I was not afraid of the procedure as much as I was of the recovery. The surgeon had gone to great lengths to make sure I was prepared for the agony ahead. “Every breath for the first week will be excruciating,” he had told me in his office. That is a lot of breaths. (at 15 breaths a minute, it’s 151,200 breaths to be exact.)

I worried about how I would get through it. I worried how Lisa was going to get through it. She had been through over a dozen surgeries with me over the last 37 years, from wisdom teeth to hernia repairs to knee surgeries, but I had not been totally incapacitated for any of them. From what the surgeon said I was going to need a lot of help.

The surgeon had performed the procedure over 1000 times before, and I ultimately decided that all of the other patients had somehow gotten through it and that I would too. The thought was comforting, a little. When they wheeled me into the operating room I resorted to joking around with the nurses and residents as they prepared to put me under. “Good night everybody!” I said as they put the mask on my face.

My next memory is of being wheeled into my hospital room. I was hooked up to IV pain medicine, with a button so I could get more whenever I needed it. The doctor had left a catheter inside the wound to drip lidocaine continuously into the area to control the pain. Other than a pain in the muscles in the middle of my back and a terrible sore throat, I wasn’t that uncomfortable. I figured it was because the lidocaine was doing its job.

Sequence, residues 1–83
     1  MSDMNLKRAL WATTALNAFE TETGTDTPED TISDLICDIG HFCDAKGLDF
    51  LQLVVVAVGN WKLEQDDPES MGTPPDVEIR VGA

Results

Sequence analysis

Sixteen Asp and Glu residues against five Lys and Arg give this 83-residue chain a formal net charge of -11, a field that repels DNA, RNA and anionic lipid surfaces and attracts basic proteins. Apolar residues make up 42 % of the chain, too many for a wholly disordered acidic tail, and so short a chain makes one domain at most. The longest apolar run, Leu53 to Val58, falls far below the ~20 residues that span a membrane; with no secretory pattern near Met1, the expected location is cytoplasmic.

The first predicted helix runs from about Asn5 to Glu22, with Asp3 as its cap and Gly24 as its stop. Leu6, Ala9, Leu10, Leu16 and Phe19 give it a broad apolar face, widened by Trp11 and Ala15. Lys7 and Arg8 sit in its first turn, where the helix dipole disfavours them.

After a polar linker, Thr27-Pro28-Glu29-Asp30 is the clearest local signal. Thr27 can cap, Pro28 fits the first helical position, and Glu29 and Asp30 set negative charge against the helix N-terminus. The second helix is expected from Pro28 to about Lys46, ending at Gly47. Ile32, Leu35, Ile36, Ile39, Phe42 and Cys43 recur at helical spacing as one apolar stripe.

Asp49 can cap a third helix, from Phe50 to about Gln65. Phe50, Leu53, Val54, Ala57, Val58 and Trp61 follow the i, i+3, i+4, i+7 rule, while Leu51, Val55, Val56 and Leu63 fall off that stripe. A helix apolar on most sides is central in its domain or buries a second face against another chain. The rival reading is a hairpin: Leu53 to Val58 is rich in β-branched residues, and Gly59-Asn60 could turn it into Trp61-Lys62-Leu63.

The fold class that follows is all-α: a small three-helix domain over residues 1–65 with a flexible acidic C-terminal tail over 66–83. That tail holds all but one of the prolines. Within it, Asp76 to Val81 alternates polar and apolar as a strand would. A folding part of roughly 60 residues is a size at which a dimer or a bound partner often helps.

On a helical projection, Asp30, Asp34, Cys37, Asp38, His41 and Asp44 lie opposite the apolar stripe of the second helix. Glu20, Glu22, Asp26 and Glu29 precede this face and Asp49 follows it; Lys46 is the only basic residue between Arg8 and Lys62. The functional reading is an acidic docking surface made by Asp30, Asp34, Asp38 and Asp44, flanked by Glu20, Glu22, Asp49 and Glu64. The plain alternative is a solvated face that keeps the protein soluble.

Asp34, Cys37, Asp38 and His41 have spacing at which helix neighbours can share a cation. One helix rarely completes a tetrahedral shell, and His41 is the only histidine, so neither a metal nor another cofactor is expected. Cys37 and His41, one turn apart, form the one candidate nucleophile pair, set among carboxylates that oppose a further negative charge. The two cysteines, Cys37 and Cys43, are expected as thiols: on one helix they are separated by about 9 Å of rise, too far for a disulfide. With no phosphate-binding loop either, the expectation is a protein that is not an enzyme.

The pain wasn’t bad through the night. I hit the button a few times out of concern that it might start up, but went through more throat lozenges than I did doses of pain medication. (My uvula had gotten pinched in the surgery, cutting off its blood supply).

I called the nurse a few times in the night to help me get to the bathroom, each time feeling like a wimp and a nuisance. I was a little unsteady on my feet from the meds the first couple of trips and did not want to fall. After a few times to the bathroom with assistance, I was confident enough to go on my own, even disconnecting and reconnecting myself from the oxygen monitor. (No one said anything, so I assumed it was okay…)

I did not sleep all that well because of the throat but felt surprisingly good in the morning. I remember the surgeon had said for me to try and take deep breaths, so I took several, again thinking that the lidocaine was the reason I was not in the excruciating pain I had been told to expect. He had also said I should try to get out of bed, so I grabbed a hold of my IV pole and took a few labs around the floor. The only significant pain I had was when I sneezed while walking. The nurses gave me a few curious looks when I asked if I could walk, but told me that it was okay.